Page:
Steven Rita-Procter

PhD Candidate
Steven Rita-Procter photo
Dissertation Title
Crime and Criminality in the Art Markets: Money Laundering, Arms Trading, and the International Financing of Organized Crime & Terrorism

Before coming to Osgoode I received a PhD in English Literature from York University in 2018. My dissertation considered the history-writing aspect of transitional justice reports and the complex ways in which truth commissions and human rights tribunals attend to the political and cultural vicissitudes of shared traumas. As part of my doctoral work, I had the privilege of attending several human rights tribunals as both an honourary witness and as a trial monitor, and of participating in the process of bearing testimony alongside many inspirational and courageous survivors of both state and imperial violence. These experiences continue to inform my research and teaching practices.


My dissertation examines the historical origins of what I call the criminogenic characteristics of the contemporary art markets (those attributes that foster and perpetuate criminal activities such as insider trading, money laundering, the circumvention of sanctions, etc.). My dissertation argues that these criminogenic characteristics derive from three interconnected factors: Firstly, the art markets operate under a strict code of confidentiality that shields transactions from public scrutiny. This level of secrecy creates an environment conducive to illicit activities, as market participants can conceal their identities and avoid accountability.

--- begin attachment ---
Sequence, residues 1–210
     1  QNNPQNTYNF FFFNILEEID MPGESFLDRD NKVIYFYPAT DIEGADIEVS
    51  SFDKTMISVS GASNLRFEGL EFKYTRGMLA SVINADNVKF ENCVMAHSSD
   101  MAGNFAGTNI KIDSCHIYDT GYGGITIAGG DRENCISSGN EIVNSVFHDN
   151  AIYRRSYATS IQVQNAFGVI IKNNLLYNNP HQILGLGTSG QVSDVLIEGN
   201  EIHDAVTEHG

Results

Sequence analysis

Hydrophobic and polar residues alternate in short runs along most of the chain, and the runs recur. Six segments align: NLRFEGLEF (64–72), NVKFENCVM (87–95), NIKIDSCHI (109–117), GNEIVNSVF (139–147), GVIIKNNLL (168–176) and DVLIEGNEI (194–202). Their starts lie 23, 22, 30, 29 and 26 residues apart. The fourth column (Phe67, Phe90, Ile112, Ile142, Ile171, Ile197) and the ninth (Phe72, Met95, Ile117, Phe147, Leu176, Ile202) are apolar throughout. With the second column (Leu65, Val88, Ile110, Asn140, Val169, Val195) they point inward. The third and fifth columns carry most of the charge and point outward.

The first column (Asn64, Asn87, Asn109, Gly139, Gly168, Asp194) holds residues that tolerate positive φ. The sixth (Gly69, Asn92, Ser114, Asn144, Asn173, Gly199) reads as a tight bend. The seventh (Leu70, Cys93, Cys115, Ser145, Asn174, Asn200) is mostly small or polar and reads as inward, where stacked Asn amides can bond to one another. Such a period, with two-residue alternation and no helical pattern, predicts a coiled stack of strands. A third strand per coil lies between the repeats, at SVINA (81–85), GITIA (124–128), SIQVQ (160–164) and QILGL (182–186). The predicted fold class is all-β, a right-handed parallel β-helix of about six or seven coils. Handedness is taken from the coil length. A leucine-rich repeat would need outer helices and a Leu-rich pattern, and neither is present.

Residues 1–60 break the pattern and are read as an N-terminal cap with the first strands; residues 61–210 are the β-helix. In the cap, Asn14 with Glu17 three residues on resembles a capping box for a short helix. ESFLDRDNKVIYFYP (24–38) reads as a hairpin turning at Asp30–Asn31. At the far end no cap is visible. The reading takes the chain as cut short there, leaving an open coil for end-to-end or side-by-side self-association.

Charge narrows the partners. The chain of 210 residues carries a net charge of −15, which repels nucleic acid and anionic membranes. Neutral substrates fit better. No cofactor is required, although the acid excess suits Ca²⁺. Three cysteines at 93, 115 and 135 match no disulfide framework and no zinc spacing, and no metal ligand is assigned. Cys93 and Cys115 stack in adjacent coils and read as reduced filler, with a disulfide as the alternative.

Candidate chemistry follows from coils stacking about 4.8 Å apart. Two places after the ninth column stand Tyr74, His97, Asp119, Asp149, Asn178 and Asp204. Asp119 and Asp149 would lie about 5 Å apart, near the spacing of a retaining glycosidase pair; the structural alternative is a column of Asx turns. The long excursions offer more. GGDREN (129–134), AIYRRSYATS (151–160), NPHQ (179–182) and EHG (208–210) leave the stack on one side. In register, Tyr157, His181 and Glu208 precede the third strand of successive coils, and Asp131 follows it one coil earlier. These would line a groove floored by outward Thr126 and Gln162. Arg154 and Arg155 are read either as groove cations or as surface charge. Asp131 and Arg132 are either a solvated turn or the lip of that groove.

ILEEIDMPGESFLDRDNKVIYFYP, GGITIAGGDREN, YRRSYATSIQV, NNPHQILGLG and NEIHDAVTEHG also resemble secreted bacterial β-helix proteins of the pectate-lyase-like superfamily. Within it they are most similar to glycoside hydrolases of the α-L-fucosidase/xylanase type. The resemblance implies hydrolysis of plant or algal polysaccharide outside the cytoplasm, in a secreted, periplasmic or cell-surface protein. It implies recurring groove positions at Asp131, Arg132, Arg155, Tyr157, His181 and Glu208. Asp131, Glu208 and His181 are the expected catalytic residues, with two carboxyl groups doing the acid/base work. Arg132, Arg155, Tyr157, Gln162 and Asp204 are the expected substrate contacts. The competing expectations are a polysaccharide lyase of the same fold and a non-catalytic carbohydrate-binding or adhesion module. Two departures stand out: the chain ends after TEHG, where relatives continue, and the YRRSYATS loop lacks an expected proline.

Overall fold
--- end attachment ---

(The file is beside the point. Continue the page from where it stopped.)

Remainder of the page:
Secondly, the valuation of artworks poses unique challenges. Unlike tangible assets with objectively determined values, artworks are subjective in nature, making it difficult to establish their true worth (the bewildering business of interpreting why one work of art is worth tens of millions of dollars while another near-identical work is essentially worthless). This subjectivity allows for all manner of manipulation, fraud, and financial crime.

Lastly, the dual nature of artworks as both ethereal creative objects and tangible assets complicates the legal and regulatory landscape. This duality allows market players to exploit loopholes and engage in activities that may circumvent traditional criminal statutes designed for other types of assets.

In mapping out the historical origins and legal consequences of each of these three unique factors, my dissertation explores the intersection of the exclusive world of the fine art markets and its seedy criminal underbelly.